Taking on a Decorating Apprentice

Updated May 9, 2024 | Posted Feb 13, 2021 | Professional insight, Business | 2 comments

I’ve been a self-employed decorator for well over ten years now and in that time I’ve built up a nice little business. I’ve also had a few apprentices, a couple of them worked out, most didn’t. There are loads of negatives to taking on a young lad or lady, but when you get a good one, they’re invaluable!!

In this blog I’ll go through both the negatives and the positives of taking on a decorating apprentice, then go through the process I take when looking for the right one. Most of this blog is opinion based, and all of it comes off the back of my own experiences. Take from it what you will.


The Downside of Taking on an Apprentice


Ok, I’m going to sound like my dad here, but the kids of today just don’t want to graft!! They’re fresh from school and aren’t used to physical labour. It’s a shock to the system for them. (It must be hard to be fair, but they just need to suck it up).

It’s an ongoing battle to get them out of bed in the morning, looking presentable, actually turning up and all the rest of it. Plus, while they don’t know the trade, it takes so much of your time going over what they’ve done that it isn’t cost effective either. Running a business is hard enough, without all the aggravation of having an apprentice who doesn’t want to be there. You go through them too!! They get fed up, start missing days, then you’ve got to sack them and start all over again. All that time you’ve invested in them is wasted.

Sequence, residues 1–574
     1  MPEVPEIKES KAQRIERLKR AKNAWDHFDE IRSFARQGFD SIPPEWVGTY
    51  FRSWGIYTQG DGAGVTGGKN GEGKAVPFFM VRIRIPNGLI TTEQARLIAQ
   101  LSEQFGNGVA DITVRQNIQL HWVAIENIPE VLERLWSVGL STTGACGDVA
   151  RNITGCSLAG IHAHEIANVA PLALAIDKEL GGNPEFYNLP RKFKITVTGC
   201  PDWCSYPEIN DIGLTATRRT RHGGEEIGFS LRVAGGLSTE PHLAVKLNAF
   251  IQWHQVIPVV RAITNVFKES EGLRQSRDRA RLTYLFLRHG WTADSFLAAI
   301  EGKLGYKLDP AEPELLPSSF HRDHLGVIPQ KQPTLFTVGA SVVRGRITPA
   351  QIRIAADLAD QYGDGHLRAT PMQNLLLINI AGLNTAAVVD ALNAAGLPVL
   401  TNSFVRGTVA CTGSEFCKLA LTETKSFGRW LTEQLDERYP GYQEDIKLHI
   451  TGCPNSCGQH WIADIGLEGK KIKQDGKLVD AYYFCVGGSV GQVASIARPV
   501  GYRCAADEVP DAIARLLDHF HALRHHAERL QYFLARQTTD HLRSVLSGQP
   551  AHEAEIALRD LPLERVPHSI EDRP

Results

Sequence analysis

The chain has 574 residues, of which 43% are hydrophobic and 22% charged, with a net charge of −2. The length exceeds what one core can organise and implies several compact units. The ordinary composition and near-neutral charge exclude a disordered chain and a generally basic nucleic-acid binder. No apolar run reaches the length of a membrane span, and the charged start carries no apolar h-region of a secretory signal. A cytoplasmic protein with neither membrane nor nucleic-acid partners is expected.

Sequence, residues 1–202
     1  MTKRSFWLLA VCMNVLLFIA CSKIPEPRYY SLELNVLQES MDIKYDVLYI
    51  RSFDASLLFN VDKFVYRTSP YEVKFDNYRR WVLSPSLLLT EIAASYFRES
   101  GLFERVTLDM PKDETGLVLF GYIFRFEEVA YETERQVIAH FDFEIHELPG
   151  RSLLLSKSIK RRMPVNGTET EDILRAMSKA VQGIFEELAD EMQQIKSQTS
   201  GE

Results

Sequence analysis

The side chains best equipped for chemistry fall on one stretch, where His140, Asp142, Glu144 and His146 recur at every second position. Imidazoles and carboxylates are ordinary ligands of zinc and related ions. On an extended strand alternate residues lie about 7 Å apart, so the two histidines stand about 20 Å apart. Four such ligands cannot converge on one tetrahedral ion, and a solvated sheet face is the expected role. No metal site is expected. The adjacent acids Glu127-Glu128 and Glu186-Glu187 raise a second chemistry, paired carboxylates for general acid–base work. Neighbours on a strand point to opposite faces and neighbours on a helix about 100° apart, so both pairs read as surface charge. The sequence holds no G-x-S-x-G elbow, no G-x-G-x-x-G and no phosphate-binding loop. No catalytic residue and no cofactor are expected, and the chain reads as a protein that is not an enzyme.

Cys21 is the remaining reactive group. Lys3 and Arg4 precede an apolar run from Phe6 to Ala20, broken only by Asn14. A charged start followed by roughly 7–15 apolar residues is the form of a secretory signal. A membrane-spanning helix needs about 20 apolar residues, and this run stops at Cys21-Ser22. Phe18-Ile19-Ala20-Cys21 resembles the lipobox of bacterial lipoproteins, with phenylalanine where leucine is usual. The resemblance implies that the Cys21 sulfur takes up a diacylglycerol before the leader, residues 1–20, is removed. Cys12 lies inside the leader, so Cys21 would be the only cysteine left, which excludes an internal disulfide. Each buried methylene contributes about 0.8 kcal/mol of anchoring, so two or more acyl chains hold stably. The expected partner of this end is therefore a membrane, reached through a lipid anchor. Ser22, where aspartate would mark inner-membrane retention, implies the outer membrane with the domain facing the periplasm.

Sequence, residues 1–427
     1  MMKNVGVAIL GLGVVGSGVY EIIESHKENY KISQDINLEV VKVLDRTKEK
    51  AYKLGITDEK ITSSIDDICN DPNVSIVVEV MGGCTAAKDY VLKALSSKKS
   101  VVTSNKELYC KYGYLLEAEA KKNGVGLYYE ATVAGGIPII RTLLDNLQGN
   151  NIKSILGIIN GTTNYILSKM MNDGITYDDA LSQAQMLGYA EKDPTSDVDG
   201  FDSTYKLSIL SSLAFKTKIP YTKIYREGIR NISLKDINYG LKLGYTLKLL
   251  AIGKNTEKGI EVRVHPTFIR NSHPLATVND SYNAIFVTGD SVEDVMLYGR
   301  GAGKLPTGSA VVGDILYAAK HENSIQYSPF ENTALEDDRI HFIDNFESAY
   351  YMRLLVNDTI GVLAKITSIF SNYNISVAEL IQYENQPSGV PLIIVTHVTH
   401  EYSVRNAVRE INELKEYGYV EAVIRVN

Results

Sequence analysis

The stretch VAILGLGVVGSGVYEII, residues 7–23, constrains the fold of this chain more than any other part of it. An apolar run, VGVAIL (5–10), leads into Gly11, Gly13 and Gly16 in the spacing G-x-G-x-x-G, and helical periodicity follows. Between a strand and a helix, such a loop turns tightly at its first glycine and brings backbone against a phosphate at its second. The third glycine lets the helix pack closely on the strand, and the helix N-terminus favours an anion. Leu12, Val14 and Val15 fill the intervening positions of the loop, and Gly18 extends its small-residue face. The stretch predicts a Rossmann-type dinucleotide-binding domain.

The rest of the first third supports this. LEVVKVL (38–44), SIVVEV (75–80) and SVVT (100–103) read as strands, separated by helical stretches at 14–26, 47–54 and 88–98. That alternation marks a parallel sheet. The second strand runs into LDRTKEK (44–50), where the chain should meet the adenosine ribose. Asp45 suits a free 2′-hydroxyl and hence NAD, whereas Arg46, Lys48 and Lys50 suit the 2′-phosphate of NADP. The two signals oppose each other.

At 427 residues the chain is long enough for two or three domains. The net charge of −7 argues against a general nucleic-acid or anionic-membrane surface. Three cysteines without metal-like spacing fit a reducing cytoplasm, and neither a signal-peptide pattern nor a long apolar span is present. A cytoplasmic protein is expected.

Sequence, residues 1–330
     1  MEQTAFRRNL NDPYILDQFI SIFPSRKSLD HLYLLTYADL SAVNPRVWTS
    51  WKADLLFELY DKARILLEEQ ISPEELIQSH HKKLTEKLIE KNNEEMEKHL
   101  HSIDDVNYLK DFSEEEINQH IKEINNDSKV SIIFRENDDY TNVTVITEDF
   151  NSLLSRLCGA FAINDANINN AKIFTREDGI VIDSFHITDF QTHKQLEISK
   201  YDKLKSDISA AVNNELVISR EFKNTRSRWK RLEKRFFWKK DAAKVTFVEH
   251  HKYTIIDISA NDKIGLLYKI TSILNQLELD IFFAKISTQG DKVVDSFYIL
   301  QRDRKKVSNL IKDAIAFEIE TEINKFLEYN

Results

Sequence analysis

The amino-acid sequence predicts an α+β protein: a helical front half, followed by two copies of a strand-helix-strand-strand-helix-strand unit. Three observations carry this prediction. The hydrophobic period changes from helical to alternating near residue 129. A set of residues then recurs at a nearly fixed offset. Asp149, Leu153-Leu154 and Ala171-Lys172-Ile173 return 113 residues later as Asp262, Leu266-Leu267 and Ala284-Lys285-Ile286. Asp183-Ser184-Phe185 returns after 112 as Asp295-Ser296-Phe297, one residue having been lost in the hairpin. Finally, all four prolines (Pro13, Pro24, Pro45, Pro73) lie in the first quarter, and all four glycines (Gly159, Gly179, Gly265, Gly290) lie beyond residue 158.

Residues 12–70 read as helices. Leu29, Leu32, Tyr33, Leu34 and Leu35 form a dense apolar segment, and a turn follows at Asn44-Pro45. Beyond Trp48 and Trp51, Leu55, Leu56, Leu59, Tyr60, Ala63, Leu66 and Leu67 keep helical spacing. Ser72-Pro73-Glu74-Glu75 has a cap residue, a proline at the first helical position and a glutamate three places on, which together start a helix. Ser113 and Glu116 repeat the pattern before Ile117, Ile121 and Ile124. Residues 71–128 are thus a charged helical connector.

The Upside of having an Apprentice


If you can find one that’s willing to throw themselves into it, stay focused and not let you down, after a few months of learning you’ll have a valuable asset. Menial tasks like prep work, washing tools out, cleaning up and tidying the van are all taken care of. You still need to check over what they do and try and teach them, but they make life a lot easier. When you find a good apprentice, you don’t mind taking the time to teach them. You must, otherwise it isn’t fair on them. Even things they’ll never do for you like pricing a job. Talk them through products, processes, spraying, wallpapering. Everything really.


Finding the Right Apprentice


The only way to know whether a newbie is any good in my opinion is to give them a trial run. I just stick an add on my local Facebook buy and sell site and talk to a few of the people who apply. Unless alarm bells start ringing straight away, ask one of them to come and do a weeks’ graft, then both parties can decide if the position is right. Deliberately give them the worst jobs to do too!! If they stick at if for the whole week and throw themselves into the work, offer them longer. If they don’t impress you, wave goodbye and trial a different one. I wouldn’t bother putting them into collage until they’ve done a few months in the job and you know they’re likely to stick with it.

I have phoned the local collage in the past and asked them if any of their decorating students needed a start. They normally do, but I understand they need a chance, but there’s a reason they don’t already have an employer.  None of those I have picked up through collage have worked out.